A shared archive hosted by Rastko Novakovic, which will be mobilised in a series of short movies. You are invited to explore and contribute.

‘Space and Place’ 5


Under the influence of landscape pictures, painted or captured by the camera, we learn to organize visual elements into a dramatic spatio-temporal structure. When we look at a country scene we almost automatically arrange its components so that they are disposed around the road that disappears into the distant horizon. Again, almost automatically we imagine ourselves travelling down that road; its converging borders are like an arrow pointing to the horizon, which is our destination and future. The horizon is a common image of the future. Statues of statesmen are put on high pedestals, and sculptors show the figures gazing farsightedly at the horizon. Open space itself is an image of hopeful time. Open space is cone-shaped: it opens up from the point where one stands, to the broad horizon that separates earth from sky.



Geological antiquity and human ruins contributed to the sense of temporal depth, but other psychological dispositions and impulses seemed to be at work. They can, perhaps, be described in this way. When we look outward we look at the present or future; when we look inward (that is, introspect) we are likely to reminisce the past. “Inland”, “source”, “center”, or “core” – these symbols of the exploration mystique – all convey the idea of beginning and of past time. Gonig up a river to its source is to return, symbolically, to the beginning of one’s own life; and in the case of the Nile, to the birthplace of mankind. “Center” means also “origin” and carries a sense of starting point and beginning.



Space also has temporal meaning at the level of day-to-day personal experiences. Language itself reveals the intimate connectivity among people, space and time. I am (or we are) here; here is now. You (or they) are there; there is then, and then refers to a time which may be either the past or the future. “What happens then?” The “then” is the future. “It was cheaper then.” The “then” here is the past. Einst, a German word, means “once”, “once upon a time”, and “some day (in the future)”. Personal pronouns are tied not only to spatial demonstratives (this, that here, there), but also to the adverbs of the time “now” and “then”. Here implies there, now implies then. “implies”, however, is a weak verb. Here does not entail there, nor now then. As thomas Merton put it, life may be so cool that “here” does not even warm itself up with references to “there” The hermit’s cave is that cool.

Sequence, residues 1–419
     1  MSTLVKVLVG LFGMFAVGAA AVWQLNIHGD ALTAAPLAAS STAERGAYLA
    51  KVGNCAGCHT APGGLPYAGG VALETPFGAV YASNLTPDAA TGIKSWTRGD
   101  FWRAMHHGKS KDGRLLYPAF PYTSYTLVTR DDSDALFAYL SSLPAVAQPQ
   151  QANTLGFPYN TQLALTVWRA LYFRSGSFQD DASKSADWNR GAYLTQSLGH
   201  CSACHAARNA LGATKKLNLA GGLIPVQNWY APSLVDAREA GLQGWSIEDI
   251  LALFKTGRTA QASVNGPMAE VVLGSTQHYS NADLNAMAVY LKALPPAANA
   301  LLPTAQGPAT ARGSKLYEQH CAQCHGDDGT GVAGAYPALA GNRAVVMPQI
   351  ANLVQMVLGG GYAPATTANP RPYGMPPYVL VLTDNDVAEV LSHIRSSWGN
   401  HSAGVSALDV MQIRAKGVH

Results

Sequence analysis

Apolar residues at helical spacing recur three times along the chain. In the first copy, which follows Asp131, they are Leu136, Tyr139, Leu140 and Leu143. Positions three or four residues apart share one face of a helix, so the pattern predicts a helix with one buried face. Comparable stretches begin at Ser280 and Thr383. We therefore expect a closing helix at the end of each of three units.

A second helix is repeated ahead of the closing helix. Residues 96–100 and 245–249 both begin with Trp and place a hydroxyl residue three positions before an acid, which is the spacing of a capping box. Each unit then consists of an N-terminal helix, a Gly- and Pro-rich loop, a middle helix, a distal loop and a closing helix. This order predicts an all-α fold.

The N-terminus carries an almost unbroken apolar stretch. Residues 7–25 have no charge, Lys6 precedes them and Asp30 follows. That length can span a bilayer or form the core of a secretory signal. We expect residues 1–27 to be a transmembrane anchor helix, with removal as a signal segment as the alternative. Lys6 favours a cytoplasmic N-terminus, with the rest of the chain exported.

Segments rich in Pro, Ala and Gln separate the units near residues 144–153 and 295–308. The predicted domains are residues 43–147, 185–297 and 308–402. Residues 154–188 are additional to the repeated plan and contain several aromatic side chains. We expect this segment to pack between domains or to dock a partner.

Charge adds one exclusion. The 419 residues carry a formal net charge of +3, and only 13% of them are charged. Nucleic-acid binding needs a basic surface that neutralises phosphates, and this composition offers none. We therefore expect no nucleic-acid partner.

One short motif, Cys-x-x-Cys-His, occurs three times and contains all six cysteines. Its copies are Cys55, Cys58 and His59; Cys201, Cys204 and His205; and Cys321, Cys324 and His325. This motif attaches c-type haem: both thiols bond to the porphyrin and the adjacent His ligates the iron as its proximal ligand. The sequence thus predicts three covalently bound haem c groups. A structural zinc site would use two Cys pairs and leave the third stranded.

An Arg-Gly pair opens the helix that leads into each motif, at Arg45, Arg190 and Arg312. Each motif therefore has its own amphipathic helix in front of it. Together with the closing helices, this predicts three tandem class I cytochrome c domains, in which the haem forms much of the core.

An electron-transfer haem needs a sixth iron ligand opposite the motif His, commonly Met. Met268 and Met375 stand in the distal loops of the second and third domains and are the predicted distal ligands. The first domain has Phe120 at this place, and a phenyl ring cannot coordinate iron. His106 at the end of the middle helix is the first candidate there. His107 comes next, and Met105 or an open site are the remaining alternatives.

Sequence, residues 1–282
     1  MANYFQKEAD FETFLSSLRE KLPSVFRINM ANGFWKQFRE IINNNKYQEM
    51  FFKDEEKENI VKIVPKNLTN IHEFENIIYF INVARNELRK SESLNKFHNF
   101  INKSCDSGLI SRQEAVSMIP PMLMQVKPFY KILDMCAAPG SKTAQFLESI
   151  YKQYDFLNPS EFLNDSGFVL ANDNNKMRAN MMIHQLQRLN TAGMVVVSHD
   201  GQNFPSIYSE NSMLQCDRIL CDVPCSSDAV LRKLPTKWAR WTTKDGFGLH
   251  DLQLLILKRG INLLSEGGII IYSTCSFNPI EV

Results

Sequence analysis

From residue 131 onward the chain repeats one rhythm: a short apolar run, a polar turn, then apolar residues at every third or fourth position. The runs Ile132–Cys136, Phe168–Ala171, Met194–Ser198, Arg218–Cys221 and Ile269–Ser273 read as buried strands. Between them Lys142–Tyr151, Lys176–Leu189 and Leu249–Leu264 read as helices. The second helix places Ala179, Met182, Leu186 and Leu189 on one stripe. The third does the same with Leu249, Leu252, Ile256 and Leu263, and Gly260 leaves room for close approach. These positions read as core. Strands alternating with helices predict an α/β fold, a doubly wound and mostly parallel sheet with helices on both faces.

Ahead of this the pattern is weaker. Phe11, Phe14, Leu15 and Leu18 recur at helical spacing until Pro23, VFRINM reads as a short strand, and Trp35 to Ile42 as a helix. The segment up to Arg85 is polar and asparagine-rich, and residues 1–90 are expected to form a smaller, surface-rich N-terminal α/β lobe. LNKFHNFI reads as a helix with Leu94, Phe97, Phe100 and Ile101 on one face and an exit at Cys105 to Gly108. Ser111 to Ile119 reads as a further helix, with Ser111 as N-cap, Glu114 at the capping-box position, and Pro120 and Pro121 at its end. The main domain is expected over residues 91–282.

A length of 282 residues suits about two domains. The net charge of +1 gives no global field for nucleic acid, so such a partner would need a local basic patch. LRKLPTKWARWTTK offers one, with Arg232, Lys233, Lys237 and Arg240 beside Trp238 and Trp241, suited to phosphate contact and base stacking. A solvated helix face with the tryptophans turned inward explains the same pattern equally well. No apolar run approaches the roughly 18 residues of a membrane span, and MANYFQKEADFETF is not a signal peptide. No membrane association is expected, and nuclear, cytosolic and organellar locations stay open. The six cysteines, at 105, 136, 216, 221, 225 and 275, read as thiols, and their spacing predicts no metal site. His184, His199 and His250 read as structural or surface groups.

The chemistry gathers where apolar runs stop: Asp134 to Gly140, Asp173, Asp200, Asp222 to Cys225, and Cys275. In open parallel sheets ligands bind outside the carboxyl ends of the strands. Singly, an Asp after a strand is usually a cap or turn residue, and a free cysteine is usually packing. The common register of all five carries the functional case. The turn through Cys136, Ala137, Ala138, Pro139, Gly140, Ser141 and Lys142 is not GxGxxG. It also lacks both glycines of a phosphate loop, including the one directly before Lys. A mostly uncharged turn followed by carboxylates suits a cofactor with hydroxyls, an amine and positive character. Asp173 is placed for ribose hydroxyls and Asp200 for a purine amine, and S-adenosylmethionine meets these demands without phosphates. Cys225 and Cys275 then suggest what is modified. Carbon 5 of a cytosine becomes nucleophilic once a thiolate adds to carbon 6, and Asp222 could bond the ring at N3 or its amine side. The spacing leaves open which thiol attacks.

Mythis space is commonly arranged around a coordinate system of cardinal points and a central vertical axis. This construct may be called cosmic, for its frame is defined by events in the cosmos. Mythic time is of three principal kinds: cosmogonic, astronomic, and human. Cosmogonic time is the story of origins, including the creation of the universe. Human time is the course of human life. Both are linear and one-directional. Astronomic time is experienced as the sun’s daily round and the parade of seasons; its nature is repetition. Wherever cosmic space is prominently articulated, cosmogonic time tends to be either ignored or weakly symbolized. In North America a cmmon cosmogonic motif among the Indians is that of the earth-diver, who brings up earth from the ocean, creating an island that grows steadily in size. This creation story, unlike cyclical astronomic time, finds no representation in cosmic space.



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